What are you skating for?
SKAAAATIIIINNNG!!!! On stage. No contest with participants, but a performance for an audience occupying a limited number of seats. Jackets are handed in at the cloakroom, hearing protection dealed out. Sold-out Hall G. A skatepark planned specially for the performance. This evening, the people on the stage share their passion, their individual expression, their need for movement, their energy, their creativity, their voices, their bodies, their “slams” (uncontrolled falls). Not in order to win, but in an artistic setting atypical for skating.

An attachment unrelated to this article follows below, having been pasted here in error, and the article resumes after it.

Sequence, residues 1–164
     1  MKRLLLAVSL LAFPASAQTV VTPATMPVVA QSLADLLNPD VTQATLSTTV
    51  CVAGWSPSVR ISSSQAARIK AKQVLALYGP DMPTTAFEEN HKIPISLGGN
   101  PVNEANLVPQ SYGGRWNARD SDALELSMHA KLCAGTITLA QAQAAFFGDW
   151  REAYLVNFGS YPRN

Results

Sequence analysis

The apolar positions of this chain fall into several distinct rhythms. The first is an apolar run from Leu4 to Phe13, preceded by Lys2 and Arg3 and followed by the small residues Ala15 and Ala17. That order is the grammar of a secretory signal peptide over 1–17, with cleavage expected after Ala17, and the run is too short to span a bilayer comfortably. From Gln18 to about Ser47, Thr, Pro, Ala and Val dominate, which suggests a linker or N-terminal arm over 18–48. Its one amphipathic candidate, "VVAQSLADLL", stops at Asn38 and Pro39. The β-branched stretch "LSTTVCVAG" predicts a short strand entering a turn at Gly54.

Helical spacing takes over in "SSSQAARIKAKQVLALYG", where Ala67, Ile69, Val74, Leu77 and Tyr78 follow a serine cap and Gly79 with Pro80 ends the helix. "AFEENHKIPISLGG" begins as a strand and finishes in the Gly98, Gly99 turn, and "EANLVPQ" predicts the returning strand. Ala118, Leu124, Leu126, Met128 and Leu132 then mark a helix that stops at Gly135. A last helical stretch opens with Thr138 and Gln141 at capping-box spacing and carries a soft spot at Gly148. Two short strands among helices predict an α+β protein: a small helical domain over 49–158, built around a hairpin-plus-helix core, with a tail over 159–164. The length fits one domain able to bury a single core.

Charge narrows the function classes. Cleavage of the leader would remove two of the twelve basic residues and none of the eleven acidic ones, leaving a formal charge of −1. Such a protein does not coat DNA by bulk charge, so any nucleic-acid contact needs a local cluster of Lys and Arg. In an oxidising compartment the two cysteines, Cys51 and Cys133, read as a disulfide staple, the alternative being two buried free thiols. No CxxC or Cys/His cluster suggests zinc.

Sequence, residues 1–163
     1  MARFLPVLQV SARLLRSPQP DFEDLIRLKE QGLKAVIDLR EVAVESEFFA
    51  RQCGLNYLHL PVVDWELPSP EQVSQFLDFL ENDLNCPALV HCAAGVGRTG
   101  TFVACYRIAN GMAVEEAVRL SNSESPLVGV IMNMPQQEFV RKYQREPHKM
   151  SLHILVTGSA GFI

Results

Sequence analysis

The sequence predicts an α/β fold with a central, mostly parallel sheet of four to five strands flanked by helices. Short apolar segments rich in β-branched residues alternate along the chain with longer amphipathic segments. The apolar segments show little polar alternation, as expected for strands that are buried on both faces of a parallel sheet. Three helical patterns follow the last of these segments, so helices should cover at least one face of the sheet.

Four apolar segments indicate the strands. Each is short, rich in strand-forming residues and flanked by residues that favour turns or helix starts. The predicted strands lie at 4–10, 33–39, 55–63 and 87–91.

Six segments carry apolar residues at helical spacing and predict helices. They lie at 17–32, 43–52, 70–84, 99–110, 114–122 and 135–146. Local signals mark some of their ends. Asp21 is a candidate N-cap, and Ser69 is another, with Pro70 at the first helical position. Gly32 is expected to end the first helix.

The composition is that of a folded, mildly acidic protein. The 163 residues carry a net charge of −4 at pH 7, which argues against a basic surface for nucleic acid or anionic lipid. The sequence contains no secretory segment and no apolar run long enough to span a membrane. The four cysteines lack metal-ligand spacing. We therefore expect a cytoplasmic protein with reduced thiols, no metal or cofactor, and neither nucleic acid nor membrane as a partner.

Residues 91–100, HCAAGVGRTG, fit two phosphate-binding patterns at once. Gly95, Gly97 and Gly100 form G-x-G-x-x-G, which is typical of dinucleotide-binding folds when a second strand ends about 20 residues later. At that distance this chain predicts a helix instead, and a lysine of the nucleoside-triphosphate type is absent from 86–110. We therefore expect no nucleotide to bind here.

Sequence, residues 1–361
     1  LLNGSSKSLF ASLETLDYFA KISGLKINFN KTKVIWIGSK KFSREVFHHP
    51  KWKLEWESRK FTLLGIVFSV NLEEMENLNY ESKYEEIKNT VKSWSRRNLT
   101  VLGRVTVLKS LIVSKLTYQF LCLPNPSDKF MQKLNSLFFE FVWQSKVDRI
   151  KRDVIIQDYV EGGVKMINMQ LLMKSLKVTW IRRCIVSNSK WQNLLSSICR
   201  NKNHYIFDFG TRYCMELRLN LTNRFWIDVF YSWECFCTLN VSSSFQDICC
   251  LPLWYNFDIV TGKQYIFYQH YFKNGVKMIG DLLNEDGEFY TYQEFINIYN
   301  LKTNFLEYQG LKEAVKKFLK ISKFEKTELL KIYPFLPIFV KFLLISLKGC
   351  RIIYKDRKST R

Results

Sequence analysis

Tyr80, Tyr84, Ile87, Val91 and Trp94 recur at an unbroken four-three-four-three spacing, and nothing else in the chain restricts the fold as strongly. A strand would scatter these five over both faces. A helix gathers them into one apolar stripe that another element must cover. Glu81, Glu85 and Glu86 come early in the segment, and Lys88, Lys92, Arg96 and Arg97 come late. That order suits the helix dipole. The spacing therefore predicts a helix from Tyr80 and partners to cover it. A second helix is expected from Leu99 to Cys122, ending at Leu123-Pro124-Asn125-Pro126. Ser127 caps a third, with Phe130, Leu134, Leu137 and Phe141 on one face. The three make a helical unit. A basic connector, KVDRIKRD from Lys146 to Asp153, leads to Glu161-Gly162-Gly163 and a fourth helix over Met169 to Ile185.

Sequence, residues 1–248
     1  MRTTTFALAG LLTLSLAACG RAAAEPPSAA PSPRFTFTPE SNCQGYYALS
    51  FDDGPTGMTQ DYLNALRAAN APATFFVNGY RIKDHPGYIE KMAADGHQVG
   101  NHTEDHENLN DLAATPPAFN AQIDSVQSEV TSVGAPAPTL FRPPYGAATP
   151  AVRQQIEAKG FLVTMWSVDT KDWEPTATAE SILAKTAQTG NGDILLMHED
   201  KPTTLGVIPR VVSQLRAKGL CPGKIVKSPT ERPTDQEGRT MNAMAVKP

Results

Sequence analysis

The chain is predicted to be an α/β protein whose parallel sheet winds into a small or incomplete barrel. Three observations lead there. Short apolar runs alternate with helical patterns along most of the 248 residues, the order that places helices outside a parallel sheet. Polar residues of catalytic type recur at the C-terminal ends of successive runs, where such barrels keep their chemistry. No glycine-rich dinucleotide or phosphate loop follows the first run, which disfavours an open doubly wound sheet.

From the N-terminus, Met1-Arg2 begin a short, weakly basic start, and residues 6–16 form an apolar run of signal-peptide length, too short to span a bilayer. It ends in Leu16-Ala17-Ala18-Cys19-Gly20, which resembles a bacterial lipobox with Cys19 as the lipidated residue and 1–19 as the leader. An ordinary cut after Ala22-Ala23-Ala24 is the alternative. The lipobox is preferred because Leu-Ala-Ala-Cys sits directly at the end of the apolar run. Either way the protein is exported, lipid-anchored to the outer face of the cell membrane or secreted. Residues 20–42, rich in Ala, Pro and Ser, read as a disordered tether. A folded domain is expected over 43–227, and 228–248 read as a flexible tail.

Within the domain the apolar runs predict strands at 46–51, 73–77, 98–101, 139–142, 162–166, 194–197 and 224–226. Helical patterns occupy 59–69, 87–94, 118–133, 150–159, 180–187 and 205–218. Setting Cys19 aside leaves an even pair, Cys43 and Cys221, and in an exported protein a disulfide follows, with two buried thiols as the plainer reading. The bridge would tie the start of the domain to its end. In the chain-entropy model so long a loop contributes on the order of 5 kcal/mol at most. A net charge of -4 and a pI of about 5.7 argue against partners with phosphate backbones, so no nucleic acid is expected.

We see different situations, moments, scenes. Skating on the skateboard and on rollerskates, solo, trio, ten people. Skaters – school kids and young adults, supported by others who add actrobatics and parkour elements. We see a person play electric guitar, another knocking the beat, someone sings into a microphone. An alternating “line” (series of tricks), where two skaters repeatedly complete variations of a “boardslide” – sliding with the skateboard deck along a long metal rail at calf height. Rhythmically, measured, one after the other, in the flow. In between a person runs after the skaters, playing tag. An “ollie” (jump with the skateboard) over a person in a car tyre rolling on the floor. A basketball is flying through the park. In the midst of it all someone slides on their belly through the action. We hear techno, some skaters circle around relaxed, squatting, surfing, with each other, next to each other. The others follow, the techno beat speeds up, everyone is speeding up. Someone runs after them, singing loudly into the microphone: “We’re rolling, we’re rolling! Keep rolling!” Speed. The scene becomes less populated, quieter. Three skaters are gliding through the park, on rollerskates and skateboard, repeating the song “Hush, I said there’s more to life than rush”. Skaters sitting at the sides join in the chorus, accompanied by guitar and stomping: “Not gonna leave this place with us, hush.” Laughing faces, basketball, drinks break, acrobatics. A handstand, probably lasting one minute, by a rollerskater on the “quarter” (a quarter circle ramp). spontaneous applause. There is filming on the stage as well as in the audience. Skateboards are turned into an improvised obstacle, stuck together and stacked up. We see successful and attempted tricks, all real. Mutual cheering on. Two people on rollerskates sing loudly along to electropunk on the large quarter, making the obstacle a stage on the stage. On the “flat” (level ground) the skaters form a “moshpit” (a dance form where people intentionally jostle each other). The “kicker” (little ramp) is carried into the centre. All are skating over it, getting their “airtime” before landing perfectly or falling hard. Ollie, 180, early grab. The skateboard decks are stomped heavily against the floor, that’s how skaters applaud each other. The music changes again: “You’re right in my way, you’re in my fucking way!” Loud singing along. Punk for a good “session” (skating together). It’s getting dark in the skatepark. Then the session is over and everyone goes home, but someone is staying yet. One person dancing, pressing in rolling movements against the quarter. Pressing in, climbing up, pressing up, falling down. Floundering, wishing for control, discomfort. Quiet, but too agitated to rest. Three people moving around that, lights coming out of their hoods blinding us. Headlamps? We hear the humming chorus of a melody and a slow bassline in the background. The ramp still occupied by the person sticking to it like a bug run over. “There’s more to life than rush.” It’s getting light. The other skaters return with masked and hooded faces, waving a large white flag in the air. “I tried to calm myself down!” They don’t want to calm down. A new mood, a protest, a demonstration. Stomping, wrestling, dancing, yelling. Something is building up, punk, focussed energy, synchronised movements, jumps, intoxication, speed, to total exhaustion. Sweaty tops, a feeling like after a five-hour skating session.